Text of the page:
Has Our Can-Do Spirit Gotten Us Canned?
In an effort to suspend judgement here, I must admit we’re a nation of ‘doing too much’. Perhaps it’s simply in our cultural DNA to don the can-do spirit like we would a Hoodie. But Daniel Pink raises a great question about that in a recent blog post. Just because we can-do doesn’t mean we should.
There. I said it. Should. It’s a word I try to avoid, but it’s times like these that require drastic measures. It seems as if our can-do spirit has us duped.
Really what Daniel’s saying is there are a lot of things we want to do; but that doesn’t necessarily lead us down the road to infinite happiness. We’re still human beings with all the frailities attached to it. We like to take short cuts and feel good about it in the process.
Like diet experts, he says, personal productivity gurus have mushroomed out of the ground in the last few years because no one seems to be crying “Halt — in the name of my sanity!” He explores the most powerful one-word sentence in the English language.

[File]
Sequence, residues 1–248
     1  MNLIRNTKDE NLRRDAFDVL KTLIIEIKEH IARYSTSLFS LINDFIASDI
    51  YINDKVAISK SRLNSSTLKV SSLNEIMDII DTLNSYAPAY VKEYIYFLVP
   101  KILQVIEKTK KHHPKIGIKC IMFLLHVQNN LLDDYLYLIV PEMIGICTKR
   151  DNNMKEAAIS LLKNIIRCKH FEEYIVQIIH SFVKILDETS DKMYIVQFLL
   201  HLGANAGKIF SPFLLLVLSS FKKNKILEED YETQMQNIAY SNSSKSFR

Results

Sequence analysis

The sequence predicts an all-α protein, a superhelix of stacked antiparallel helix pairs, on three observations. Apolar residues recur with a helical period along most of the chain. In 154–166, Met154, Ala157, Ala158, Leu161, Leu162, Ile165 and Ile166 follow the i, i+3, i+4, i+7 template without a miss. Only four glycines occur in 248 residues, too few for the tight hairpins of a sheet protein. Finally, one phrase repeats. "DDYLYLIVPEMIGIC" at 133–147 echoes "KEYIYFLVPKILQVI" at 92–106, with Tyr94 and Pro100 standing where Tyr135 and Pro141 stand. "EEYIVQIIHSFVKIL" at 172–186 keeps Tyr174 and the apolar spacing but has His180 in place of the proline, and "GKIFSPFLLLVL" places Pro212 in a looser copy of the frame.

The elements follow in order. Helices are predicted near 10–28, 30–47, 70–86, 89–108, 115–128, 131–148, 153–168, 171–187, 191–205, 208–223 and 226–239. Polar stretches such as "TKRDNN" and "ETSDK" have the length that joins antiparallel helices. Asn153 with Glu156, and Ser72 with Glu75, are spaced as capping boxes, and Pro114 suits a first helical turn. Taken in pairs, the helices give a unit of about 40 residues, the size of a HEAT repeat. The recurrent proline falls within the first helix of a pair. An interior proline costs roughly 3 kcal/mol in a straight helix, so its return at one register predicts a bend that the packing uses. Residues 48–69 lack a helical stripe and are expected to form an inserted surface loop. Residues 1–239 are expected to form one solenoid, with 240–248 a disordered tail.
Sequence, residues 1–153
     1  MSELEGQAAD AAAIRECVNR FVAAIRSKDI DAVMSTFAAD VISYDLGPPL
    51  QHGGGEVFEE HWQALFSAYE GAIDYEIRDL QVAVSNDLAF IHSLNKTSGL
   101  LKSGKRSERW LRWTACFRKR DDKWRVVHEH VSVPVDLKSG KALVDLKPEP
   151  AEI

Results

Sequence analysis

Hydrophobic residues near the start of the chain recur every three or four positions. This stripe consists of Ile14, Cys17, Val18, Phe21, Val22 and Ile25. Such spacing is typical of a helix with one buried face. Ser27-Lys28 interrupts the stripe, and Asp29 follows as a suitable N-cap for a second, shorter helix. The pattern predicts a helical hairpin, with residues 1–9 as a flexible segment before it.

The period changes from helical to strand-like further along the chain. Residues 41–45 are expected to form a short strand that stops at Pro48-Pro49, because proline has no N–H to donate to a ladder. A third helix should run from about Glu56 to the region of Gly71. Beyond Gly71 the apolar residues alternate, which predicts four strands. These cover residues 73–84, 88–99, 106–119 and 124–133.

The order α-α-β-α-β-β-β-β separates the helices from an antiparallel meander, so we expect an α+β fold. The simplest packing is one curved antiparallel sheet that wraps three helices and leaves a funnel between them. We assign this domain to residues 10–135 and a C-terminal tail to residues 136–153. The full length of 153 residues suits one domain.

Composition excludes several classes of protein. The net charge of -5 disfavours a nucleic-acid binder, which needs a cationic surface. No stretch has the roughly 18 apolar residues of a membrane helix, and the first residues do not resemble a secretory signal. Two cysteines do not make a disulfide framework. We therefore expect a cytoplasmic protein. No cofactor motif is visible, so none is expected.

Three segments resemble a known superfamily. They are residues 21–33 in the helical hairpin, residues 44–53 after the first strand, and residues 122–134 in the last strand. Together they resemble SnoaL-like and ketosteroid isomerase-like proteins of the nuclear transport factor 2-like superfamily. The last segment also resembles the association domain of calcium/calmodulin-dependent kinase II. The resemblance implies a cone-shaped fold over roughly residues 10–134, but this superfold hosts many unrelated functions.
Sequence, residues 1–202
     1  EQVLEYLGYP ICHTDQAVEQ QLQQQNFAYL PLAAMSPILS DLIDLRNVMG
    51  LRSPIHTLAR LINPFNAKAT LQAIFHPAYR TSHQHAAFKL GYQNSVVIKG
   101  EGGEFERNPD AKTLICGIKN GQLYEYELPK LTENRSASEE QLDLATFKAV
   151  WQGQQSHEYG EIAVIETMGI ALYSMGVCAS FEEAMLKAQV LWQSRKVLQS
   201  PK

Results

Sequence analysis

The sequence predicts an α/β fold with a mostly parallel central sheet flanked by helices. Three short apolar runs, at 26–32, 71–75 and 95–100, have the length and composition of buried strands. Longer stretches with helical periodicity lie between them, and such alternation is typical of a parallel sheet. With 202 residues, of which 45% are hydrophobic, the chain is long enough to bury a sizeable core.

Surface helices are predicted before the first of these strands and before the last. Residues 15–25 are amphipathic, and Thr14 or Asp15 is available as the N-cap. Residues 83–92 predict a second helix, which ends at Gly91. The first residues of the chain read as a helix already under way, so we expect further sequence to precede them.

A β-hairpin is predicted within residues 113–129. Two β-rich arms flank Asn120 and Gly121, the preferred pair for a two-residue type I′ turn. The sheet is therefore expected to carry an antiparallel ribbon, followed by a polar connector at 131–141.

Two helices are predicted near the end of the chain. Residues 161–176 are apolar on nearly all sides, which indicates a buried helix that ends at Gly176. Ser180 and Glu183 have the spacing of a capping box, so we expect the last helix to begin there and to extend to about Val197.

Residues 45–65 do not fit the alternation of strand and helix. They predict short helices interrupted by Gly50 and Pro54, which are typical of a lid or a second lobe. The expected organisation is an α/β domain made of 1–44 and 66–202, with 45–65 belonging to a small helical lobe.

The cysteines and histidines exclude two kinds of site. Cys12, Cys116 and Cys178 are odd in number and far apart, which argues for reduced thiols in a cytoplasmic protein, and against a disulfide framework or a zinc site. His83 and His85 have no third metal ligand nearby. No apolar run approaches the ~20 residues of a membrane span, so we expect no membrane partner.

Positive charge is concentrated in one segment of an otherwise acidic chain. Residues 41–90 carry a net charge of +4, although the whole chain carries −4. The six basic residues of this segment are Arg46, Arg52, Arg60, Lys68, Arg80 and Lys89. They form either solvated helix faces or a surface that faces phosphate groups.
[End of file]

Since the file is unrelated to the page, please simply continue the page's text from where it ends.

Say it with me now ~ “No. Nope. Uh-uh.”
But is saying ‘no’ to ourselves, our wants, our could-do-ness, really all that fun? Really it’s not. Like cheese fries over cottage cheese, we are faced with choices that may not be as fun, but are ultimately better for us.
Take unplugging for a weekend as an example. Can you really feel whole by not turning on your smartphone first thing in the morning to see what you might have missed at night? It requires a whole skill set of discipline and mindfulness that you might not possess.
As my friend recently inquired, where do we get the willpower?
That’s where support systems (and, yes, personal productivity gurus) come in. We might need to set a process in place in which external reminders grab our attention when we swerve off the path of slow.
I’m not saying you should. But you could.